The purpose of the thesis is to examine the relationship between acculturation and mental health status of Zimbabweans of Black origin who are settled in New Zealand. Acculturation was measured using the Vancouver Index of Acculturation questionnaire responses, and mental health status was measured using the whoqol questionnaires. XXX has written that acculturation is important for good mental health(Berry 2006).
Migration, Acculturation and Health
Acculturation & Measurement
Acculturation refers to a dual process of psychological and cultural change, which affects individuals and groups as a result of continuous, first-hand contact between a minority culture and a dominant culture. It is perceived as a progressive adoption of a foreign culture in terms of values, ideas, norms and behavior (Berry 2006). Acculturation can also be described as a process where an individual will negotiate two or more cultures (Yeh, 2003). According to James (1997), acculturation involves changes in an individual’s thinking patterns, social activities and behavior.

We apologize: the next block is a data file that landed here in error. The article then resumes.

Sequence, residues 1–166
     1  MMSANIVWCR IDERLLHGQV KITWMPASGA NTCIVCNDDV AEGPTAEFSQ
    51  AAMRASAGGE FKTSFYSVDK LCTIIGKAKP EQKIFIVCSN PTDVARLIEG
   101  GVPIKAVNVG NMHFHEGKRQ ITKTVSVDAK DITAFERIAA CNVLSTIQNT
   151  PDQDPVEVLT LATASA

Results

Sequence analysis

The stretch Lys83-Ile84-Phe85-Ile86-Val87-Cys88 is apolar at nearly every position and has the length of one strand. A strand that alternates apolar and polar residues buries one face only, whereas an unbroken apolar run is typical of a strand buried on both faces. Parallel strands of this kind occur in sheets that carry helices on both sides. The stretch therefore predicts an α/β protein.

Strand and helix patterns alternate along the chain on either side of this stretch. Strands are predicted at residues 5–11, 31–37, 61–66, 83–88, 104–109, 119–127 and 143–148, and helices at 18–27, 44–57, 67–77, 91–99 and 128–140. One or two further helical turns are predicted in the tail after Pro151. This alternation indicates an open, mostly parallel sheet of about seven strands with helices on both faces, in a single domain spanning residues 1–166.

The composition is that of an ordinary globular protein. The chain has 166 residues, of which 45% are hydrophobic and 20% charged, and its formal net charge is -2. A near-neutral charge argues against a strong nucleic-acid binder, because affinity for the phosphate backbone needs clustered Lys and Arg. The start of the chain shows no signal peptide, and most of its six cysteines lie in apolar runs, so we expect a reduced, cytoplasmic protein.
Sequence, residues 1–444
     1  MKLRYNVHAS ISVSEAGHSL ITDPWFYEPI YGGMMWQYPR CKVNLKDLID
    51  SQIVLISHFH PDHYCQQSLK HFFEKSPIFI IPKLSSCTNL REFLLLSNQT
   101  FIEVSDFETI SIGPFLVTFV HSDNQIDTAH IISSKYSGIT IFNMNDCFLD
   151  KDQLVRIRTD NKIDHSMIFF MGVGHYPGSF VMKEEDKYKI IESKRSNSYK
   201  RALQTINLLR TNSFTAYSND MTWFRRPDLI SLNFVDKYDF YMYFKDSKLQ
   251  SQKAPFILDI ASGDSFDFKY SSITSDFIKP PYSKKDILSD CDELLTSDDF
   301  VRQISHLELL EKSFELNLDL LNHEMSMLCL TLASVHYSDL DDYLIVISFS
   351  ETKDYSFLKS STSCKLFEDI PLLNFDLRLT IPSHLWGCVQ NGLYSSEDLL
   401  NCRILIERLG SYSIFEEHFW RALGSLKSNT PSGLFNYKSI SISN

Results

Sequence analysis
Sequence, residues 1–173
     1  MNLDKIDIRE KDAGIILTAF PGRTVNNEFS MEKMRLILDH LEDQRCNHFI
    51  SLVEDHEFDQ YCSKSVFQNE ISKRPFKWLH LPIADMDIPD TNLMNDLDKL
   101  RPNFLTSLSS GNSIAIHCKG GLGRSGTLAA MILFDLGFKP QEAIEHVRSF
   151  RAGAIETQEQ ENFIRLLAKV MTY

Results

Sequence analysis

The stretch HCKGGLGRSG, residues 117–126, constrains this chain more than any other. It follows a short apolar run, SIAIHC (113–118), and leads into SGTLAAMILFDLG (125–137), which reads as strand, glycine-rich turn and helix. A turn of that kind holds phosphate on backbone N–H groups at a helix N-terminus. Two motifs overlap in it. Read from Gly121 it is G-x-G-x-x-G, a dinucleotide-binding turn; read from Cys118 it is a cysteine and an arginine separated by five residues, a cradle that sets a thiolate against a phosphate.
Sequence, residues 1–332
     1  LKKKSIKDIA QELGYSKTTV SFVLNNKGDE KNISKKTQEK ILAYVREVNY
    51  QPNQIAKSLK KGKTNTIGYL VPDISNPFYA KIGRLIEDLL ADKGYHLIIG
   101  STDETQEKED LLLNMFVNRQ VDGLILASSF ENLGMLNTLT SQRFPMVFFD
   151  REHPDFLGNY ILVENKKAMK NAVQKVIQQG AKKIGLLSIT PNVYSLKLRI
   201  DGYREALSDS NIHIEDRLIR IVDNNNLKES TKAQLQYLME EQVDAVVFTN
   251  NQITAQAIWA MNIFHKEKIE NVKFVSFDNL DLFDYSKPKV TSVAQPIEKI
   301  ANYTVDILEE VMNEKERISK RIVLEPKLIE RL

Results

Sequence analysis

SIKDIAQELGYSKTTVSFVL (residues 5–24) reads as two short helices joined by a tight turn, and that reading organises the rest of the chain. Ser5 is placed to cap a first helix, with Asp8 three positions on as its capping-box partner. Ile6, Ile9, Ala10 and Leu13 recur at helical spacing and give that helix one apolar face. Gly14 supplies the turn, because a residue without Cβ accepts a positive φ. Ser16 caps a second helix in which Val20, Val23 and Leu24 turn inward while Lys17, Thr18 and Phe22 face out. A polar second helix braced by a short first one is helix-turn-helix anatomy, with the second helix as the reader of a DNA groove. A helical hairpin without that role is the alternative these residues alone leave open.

Researchers (Borges & Ostwald, 2008; Jurkowski, Westin, & Rossy-Millan, 2010; Mainous, Diaz & Geesey, 2008) have used a range of acculturation measures, with some using one or two proxy indicators including birthplace, language proficiency and length of residence. Acculturation is a complex phenomenon and involves multiple areas such as identity, values, attitudes and behaviours. These multiple areas could be a problem as they can go beyond the proxy indicators (Chun, Chesla & Kwan, 2011). In order to understand the relationship between acculturation and mental health and to ascertain if higher degrees of acculturation is associated with better mental health outcomes, a multidimensional model of acculturation will be used. Many people have experienced mental problems at some stage in their life, which can be experienced as part of our daily lives through to long term conditions. Mental health issues refer to all mental disorders which are characterized by changes in moods, behavior